In choosing the red pill “teacher” training I did not really understand the implications of this. Being young as is sometimes the case I thought I understood and could always figure it out later, right?
The military base I was stationed at in Korea, Camp Edwards very close to the “DMZ” still a long trip to Camp Casey, home of the 2nd Infantry Division, a 2hr bus ride over dusty rough roads of the time, along with some paved roads
I would make this trip once a week, spending at least 4 to 6 hrs each time we met, going over what was learned before adding or learning new things.
It made for a long day, Mr Park, was quite severe in his teachings. He would show something up to 3 times if I was unable to get the movement each time changing it a little bit to make it easier. If I still didn’t get it or couldn’t do it, he would drop it and move on to something else.
Each visit before starting he would ask to see what was covered before. If it was not correct or up to his standards this would be the lesson for that day.
This meant that during the week, I would spend 2 to 3 hours a night practicing what ever was learned once I was back at Camp Edwards. My fellow GI’s often thought of me as a monk, because I seldom went out to the local village at night as most young GI’s did at the time, visiting the many bars, spending time with the local ladies of the night.
My time was spent in solitude in the small gym on the Camp, practicing my craft waiting for the week end to come again.
Mr Lee, another student of Mr Park at the time.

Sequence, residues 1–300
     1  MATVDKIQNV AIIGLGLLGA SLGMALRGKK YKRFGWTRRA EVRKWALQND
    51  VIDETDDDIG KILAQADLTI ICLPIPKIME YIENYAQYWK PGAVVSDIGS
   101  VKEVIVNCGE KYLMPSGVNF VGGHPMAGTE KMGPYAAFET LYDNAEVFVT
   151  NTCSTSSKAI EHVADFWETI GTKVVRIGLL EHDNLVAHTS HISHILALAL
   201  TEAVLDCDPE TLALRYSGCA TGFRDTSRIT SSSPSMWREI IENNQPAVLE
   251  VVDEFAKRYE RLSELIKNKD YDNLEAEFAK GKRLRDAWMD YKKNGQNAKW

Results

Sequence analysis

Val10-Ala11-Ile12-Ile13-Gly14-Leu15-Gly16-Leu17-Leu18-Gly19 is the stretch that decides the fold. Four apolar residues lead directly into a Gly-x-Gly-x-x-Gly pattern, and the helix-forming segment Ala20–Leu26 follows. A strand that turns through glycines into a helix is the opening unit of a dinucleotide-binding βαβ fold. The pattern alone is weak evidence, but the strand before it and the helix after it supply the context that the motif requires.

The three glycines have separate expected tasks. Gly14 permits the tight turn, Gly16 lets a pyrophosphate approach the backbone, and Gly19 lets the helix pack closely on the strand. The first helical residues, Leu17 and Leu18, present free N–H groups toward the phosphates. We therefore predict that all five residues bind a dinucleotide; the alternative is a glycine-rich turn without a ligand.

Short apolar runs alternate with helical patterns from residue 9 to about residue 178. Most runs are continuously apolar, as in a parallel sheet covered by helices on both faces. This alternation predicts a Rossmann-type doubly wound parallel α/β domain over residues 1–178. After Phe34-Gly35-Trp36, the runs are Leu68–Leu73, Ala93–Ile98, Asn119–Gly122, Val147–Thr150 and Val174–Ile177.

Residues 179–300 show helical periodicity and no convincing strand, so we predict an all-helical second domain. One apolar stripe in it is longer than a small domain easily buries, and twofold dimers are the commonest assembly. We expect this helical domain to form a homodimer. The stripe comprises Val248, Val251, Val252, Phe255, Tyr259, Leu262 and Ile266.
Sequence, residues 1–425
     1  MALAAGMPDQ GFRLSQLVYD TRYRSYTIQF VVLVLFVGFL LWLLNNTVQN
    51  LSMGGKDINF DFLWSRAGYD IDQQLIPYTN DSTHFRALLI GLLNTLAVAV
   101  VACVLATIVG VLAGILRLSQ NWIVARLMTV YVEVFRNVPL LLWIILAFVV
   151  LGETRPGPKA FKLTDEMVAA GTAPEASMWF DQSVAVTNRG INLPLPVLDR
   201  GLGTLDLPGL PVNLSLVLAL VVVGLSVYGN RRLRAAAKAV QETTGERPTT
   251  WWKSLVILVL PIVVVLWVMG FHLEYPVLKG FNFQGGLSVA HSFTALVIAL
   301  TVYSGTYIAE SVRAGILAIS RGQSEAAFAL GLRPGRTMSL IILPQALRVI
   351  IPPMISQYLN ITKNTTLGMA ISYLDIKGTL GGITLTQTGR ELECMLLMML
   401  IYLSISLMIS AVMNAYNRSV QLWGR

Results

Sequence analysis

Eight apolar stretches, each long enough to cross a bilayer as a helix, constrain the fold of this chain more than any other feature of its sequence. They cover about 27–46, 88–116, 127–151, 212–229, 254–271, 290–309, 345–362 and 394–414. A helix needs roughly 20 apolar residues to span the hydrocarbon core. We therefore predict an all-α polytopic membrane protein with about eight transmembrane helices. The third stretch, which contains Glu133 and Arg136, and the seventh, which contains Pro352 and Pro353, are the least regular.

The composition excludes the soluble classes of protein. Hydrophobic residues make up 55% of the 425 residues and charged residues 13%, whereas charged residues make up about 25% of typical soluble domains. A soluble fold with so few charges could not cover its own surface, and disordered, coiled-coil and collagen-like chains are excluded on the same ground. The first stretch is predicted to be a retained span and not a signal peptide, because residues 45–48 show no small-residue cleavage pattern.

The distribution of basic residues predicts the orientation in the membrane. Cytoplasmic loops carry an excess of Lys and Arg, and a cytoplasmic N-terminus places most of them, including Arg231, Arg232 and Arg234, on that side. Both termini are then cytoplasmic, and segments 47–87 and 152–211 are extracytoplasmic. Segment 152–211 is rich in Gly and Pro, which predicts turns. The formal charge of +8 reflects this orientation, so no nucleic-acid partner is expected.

True to his word the focus was on learning new movements along with some practical application insuring the focus of the movement was right.
How different this was from my previous training where single movements were practiced into the 1000s of reps and then used live against another person. Much like in a western boxing gym, learn a hand, or movement, go use it live, practice it until one could use it effectively.
In other words the training was directed at learning how to fight with what was practiced along with the conditioning that made it practical and effective to use.
The training that I was doing under Mr Park, was directed at learning the system, along with whatever physical skill set was needed in order to do it. Things that would normally be learned in years, I learned in months. All the while meeting the standard of being able to do it.
Unknown to me at that time this left some real gaps in my understanding while at the same time detraining whatever was left of the Tibetan White Crane system that I once knew. The mantis and crane systems complete opposites in function, attributes developed and strategies used.
The strategies used and type of training that mantis uses compared to the white crane system were quite different could be classed as narrow and wide.
“A “narrow” system is one that specifies a particular response for a particular attack. So for every possible attack, there is a specific response. And because there are a great many possible attacks, there are also a great may specific techniques to counter them. With “narrow” systems, you have A LOT of techniques — like the proverbial 108 hand techniques, for instance. A “wide” system has much fewer techniques, but looks to the changes possible for each of them. So for instance, you might only have 5 or 6 basic punches… but many “changes” associated with those punches. See also Baqua, with it’s emphasis on changes.
The way to learn how to use a wide system (like White Crane) is then to gain experience with using the limited number of techniques you have available, in a wide assortment of attacks. In other words, you have to use the techniques in sparring… a lot of sparing… so you can learn how a single punch can be used against multiple attack patterns”
At the time not understanding I had chosen the “wide” way I threw myself into the training. I trained until there was nothing left…not even my shadow.